We usually think of Facebook as a place to either keep in touch with real friends or cryogenically freeze old and artificial ones that wouldn't otherwise exist. But a new Pew study says FB can actually end relationships, too. Naturally!
According to the study, "The tone of life on social networking sites," 15 per cent of adults and a whopping 22 per cent of teens (volatile teens!) "had an experience on the site that ended their friendship with someone." Ended! Permanent friendship cancelation! That's over 1 in 5 teens on Facebook (the study also mentions LinkedIn, but really, nobody's taking offense to a resume) who have IRL spillover from online nastiness. Enough so that they're calling it quits with another human.
But what could be that bad? A racist status update? An offensive photo comment? Facebook allows you to meticulously craft a persona, if you so choose — so you'd think people would be smart enough to filter out something that might compromise an actual friendship. But you'd be wrong, because people are stupid, and Facebook is comprised of 800 million of them. Either we're getting more sensitive, or the engorged definition of friendship Facebook's prospered from can cut both ways — easy come, easy go.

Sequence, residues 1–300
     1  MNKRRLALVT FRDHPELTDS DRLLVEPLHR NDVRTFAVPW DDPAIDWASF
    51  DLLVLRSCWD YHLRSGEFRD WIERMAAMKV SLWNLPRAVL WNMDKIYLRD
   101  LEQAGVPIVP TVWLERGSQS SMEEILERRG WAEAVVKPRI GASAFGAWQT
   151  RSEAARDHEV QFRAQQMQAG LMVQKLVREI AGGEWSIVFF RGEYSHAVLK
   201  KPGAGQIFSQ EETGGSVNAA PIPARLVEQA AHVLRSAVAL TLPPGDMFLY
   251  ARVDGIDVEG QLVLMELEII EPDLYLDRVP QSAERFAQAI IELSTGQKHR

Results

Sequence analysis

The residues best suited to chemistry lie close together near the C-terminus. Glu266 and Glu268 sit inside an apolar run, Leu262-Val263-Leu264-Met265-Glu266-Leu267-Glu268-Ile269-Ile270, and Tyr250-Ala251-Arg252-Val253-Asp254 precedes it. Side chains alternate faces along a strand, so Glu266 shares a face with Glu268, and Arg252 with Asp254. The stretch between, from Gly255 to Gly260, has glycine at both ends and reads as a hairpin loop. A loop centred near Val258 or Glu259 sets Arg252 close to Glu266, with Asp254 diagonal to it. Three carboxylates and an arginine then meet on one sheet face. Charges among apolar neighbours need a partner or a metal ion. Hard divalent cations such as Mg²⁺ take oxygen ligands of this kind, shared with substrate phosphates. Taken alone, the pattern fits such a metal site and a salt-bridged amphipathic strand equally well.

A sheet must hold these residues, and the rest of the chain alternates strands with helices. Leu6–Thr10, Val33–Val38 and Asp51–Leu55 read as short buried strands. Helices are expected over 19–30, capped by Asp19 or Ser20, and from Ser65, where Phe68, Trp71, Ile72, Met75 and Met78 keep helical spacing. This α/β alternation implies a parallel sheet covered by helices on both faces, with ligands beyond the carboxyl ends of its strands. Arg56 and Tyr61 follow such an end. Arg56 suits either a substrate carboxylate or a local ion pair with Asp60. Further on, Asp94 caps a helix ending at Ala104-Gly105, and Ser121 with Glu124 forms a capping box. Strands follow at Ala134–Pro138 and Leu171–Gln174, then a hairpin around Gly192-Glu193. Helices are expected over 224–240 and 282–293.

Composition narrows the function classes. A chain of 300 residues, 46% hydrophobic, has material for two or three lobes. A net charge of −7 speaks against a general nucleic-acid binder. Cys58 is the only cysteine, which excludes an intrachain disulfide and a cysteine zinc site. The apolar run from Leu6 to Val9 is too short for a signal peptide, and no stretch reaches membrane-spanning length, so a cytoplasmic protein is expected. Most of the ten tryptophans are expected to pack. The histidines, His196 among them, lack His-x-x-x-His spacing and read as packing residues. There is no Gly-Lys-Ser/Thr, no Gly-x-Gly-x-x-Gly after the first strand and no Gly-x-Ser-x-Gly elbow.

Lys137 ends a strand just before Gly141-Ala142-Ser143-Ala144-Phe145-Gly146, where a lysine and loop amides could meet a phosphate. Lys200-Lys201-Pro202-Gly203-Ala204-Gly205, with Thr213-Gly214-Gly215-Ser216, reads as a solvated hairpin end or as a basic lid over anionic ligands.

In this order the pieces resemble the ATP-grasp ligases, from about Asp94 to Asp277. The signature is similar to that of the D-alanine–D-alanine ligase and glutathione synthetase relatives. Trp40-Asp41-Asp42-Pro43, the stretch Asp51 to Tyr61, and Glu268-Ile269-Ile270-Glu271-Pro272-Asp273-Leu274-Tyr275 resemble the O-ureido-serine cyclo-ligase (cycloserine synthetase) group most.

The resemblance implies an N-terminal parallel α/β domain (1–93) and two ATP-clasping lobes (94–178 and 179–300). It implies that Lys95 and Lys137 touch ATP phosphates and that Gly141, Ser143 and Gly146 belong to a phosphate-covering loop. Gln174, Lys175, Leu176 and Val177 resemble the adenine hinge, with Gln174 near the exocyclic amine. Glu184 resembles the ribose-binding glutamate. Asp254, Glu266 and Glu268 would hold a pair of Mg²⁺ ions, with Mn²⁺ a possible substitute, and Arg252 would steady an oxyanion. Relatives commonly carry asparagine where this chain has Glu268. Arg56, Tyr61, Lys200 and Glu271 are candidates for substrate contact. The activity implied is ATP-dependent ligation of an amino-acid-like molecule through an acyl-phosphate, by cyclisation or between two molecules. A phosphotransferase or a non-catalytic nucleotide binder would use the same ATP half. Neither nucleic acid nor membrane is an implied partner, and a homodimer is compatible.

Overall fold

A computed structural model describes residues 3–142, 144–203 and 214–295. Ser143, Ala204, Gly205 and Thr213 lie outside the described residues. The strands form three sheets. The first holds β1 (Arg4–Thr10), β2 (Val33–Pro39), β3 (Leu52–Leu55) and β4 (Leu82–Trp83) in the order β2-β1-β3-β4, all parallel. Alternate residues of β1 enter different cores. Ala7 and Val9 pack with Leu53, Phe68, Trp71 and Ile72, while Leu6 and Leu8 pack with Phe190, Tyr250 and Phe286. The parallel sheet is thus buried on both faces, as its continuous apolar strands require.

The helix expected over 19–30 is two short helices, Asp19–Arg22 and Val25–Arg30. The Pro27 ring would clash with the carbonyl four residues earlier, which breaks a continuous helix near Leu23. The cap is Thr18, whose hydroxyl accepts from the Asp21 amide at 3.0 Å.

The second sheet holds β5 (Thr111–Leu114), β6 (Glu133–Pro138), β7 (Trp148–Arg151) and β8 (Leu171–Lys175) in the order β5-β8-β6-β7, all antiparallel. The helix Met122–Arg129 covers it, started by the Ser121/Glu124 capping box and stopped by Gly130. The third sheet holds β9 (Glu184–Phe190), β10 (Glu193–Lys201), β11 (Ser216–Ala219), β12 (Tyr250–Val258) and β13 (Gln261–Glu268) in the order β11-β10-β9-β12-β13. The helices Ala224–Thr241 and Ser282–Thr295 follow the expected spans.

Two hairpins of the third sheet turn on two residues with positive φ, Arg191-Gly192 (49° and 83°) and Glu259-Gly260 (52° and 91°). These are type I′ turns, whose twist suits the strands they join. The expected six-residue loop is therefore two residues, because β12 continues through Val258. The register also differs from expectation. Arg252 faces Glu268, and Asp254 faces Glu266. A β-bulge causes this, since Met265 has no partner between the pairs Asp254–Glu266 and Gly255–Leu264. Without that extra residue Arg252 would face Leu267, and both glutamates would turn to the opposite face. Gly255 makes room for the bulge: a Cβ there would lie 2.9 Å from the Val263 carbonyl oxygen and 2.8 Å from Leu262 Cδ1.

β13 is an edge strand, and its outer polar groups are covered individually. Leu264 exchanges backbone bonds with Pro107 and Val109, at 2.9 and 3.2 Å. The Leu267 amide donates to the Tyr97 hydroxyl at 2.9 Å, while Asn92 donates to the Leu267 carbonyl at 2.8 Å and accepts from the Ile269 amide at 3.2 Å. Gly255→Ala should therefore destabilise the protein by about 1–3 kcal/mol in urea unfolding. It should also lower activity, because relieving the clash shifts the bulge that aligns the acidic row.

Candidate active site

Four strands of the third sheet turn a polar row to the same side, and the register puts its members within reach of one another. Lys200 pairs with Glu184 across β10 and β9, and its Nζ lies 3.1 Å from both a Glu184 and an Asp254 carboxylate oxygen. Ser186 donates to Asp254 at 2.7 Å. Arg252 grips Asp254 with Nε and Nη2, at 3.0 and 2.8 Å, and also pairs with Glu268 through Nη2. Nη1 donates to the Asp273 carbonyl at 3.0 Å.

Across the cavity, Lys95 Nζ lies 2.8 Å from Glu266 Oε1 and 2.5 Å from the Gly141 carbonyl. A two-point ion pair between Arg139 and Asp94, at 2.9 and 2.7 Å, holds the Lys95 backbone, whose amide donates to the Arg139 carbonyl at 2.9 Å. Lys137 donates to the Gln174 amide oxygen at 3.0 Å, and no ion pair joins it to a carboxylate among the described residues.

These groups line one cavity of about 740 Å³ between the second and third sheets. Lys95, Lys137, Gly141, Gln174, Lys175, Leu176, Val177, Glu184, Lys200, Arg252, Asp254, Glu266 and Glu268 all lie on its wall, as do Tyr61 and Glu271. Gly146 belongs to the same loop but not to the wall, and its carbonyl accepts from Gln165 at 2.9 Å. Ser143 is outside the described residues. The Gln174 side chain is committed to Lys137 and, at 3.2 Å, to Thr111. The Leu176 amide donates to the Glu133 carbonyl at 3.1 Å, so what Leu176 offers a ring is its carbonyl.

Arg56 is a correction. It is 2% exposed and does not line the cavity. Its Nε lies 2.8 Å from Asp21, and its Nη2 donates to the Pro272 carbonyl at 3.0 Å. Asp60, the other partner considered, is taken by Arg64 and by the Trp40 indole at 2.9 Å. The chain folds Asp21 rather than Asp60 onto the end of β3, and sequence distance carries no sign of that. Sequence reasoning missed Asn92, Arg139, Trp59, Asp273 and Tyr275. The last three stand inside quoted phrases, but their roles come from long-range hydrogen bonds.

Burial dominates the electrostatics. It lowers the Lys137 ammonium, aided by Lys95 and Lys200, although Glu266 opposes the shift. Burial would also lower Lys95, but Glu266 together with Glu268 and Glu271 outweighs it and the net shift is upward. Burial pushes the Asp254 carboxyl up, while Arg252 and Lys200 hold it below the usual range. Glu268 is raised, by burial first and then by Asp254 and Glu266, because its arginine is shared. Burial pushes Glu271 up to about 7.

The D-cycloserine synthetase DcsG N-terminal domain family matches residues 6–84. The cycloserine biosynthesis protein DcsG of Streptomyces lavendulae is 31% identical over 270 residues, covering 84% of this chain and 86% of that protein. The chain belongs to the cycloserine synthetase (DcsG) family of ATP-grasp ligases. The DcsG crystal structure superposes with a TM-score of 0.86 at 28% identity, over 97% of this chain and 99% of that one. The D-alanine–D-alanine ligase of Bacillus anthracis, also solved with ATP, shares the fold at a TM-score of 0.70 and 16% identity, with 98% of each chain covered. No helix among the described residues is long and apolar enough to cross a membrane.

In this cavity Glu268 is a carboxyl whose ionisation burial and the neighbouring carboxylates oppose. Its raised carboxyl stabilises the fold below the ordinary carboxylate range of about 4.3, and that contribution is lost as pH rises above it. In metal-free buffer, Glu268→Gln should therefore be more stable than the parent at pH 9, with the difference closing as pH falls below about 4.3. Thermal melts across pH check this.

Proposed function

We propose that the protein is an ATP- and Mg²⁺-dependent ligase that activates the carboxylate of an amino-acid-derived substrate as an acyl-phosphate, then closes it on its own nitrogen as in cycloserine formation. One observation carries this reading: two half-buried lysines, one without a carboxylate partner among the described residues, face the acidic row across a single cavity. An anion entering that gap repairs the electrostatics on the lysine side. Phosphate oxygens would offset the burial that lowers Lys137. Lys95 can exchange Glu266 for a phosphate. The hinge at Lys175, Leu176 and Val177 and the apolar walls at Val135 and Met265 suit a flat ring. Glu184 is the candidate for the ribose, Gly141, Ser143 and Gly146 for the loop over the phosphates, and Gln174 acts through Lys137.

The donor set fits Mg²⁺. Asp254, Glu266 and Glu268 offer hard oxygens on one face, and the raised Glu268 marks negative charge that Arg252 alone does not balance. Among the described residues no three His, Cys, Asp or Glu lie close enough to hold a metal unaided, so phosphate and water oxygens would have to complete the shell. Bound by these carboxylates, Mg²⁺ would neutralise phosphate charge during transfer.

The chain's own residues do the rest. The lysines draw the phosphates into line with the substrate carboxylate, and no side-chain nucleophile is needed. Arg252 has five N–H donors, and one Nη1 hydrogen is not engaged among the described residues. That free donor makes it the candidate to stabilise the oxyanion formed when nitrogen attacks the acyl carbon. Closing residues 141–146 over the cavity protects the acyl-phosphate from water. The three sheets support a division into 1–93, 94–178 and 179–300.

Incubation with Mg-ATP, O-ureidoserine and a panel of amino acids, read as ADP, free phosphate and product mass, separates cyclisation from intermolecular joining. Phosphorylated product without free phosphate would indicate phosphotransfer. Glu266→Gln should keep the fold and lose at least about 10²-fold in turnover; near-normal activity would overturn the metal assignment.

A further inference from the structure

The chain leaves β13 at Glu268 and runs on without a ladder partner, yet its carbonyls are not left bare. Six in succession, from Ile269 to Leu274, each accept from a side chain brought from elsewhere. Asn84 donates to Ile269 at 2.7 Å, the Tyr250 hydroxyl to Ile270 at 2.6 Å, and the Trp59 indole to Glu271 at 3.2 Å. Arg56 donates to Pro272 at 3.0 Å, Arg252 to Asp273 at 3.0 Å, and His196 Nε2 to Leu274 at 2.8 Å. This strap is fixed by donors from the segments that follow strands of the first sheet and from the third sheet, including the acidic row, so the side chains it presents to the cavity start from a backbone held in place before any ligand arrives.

It gets worse than friend spats, however — like, physical brawling bad. The study also claims three per cent of adults "had gotten into a physical fight with someone based on an experience they had on the site. Some eight per cent of [social network-using] teens said they had gotten into a fight because of what happened on the site." A fight could go anywhere from a slap to getting thrown through a window, so there's some breadth here. But a physical fight stemming from Facebook transgression seems radical. Extremely radical. This means there are social problems, originating on a place we share links and party photos, that not only can't be solved online, but require violent physical contact.
The spread of Timeline, a more vibrant and robust way to browse the Book, can only mean more vibrant and robust arguments and hair-pulling matches. Be careful what you say about that new cover photo. [Pew]